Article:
What do you say?

We put visitors to the test trying to pronounce some tricky Island landmarks.


Unless you grew up on Martha’s Vineyard, there’s probably a good chance you’ve mispronounced a town, a pond, or some other landmark on the Island.

The names on teal and white signs confound visitors. People exiting the ferry and weaving around the Island for the first time squint and sound out the foreign-sounding names phonetically — “Sen-gee-con-tickit?” — oftentimes to little success. (Pro tip: Call it “Sengie” and you can’t go wrong.) You may have even heard the nails-on-a-chalkboard mispronunciation of “Oaks Bluff.”

And so, in the spirit of “Jimmy Kimmel Live,” and wanting to educate the public, The Times hit the streets to ask tourists on their summer vacations to try and pronounce popular Island places. Spoiler: Some were spot-on and some were wickedly way off and, yes, funny.

We asked tourists to pronounce: Katama, Sengekontacket, Quansoo, Aquinnah, Wampanoag, Cape Poge, Muskeget, Wasque, Makonikey, and Noepe.

The Times consulted oral historian Linsey Lee and fluent Wampanoag speaker and tribal member Durwood “Woody” Vanderhoop for correct pronunciations. 

The Island’s unusual-sounding names are a point of pride for Vineyarders. They’re up there with other hard-to-pronounce names across most of New England. Many of these words have roots in the Wampanoag tribal language. According to the tribe website, Squibnocket literally means “at the place of the red cliff or bank.” Tashmoo was originally “Kehtashimet” and Chappaquiddick comes from the word “Tchepiaquidenet.”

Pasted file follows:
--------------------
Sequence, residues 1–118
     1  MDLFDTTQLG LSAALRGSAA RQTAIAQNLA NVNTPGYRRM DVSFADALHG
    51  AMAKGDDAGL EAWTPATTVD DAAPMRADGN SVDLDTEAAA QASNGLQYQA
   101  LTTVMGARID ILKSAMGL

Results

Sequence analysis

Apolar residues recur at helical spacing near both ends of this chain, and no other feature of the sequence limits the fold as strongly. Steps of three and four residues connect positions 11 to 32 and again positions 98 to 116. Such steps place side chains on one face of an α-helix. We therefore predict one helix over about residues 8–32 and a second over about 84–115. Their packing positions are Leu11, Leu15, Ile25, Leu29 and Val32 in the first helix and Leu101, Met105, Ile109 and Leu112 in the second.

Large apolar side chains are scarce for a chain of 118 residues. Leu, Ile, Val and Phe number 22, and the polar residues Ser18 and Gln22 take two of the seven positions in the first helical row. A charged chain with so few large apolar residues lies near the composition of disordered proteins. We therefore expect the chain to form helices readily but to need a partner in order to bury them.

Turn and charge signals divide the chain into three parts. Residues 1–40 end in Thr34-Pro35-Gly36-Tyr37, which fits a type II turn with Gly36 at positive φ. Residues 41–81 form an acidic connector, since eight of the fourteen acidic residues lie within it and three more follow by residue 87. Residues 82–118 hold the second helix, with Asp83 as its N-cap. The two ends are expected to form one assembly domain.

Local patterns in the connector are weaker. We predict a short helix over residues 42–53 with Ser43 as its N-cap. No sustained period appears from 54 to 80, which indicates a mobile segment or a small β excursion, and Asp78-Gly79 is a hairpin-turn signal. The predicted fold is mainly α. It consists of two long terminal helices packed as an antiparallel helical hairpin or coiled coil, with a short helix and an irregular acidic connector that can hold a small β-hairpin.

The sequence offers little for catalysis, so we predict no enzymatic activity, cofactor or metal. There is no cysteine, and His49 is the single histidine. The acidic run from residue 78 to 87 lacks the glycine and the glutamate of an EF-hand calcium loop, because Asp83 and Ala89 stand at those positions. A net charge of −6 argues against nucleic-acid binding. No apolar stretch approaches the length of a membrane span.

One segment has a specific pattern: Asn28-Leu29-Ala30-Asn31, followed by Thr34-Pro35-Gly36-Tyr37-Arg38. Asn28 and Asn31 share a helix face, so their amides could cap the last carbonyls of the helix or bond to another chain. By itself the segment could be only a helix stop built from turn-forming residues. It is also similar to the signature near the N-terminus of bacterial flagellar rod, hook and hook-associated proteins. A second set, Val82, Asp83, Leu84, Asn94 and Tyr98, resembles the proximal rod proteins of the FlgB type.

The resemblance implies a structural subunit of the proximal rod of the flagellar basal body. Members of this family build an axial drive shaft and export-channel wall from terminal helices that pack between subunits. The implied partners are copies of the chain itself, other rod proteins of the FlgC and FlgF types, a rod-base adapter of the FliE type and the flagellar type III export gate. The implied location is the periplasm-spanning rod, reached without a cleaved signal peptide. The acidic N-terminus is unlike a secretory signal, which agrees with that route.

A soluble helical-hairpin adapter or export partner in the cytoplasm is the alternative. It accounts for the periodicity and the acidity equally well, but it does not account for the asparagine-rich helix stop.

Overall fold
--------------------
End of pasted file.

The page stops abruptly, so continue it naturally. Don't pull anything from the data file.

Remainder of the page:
Many of the names of places on the Island were changed by English settlers when they began arriving in the 1600s, such as “Kuppiegon” to “Cape Higgon” and “Nashawahkamuk” to “Chilmark,” according to the tribe website. You’re unlikely to find these original names on a Google Map, or on the tip of anyone’s tongue. 

While the Wampanoag Language Reclamation Project and other organizations have carefully documented the nuances of the language, Island natives still debate the exact correct pronunciation of many words. The disagreement still exists for several reasons, one of them being that many of the linguistic sounds simply don’t exist in other languages. 

No matter how you say Cape Poge, Quansoo, Sengkontacket, or Aquinnah — say it with us: Martha’s Vineyard is a great place to visit. 



  1. “Nashawahkamuk” to “Chilmark”? What is the source of this idea? That’s a new one on me. Weren’t Tisbury and Chilmark both named for existing towns in the SW England area from which our white settlers came?

  2. I think it was meant to suggest that the original settlers named it one thing and when the English came they changed it to its current name.

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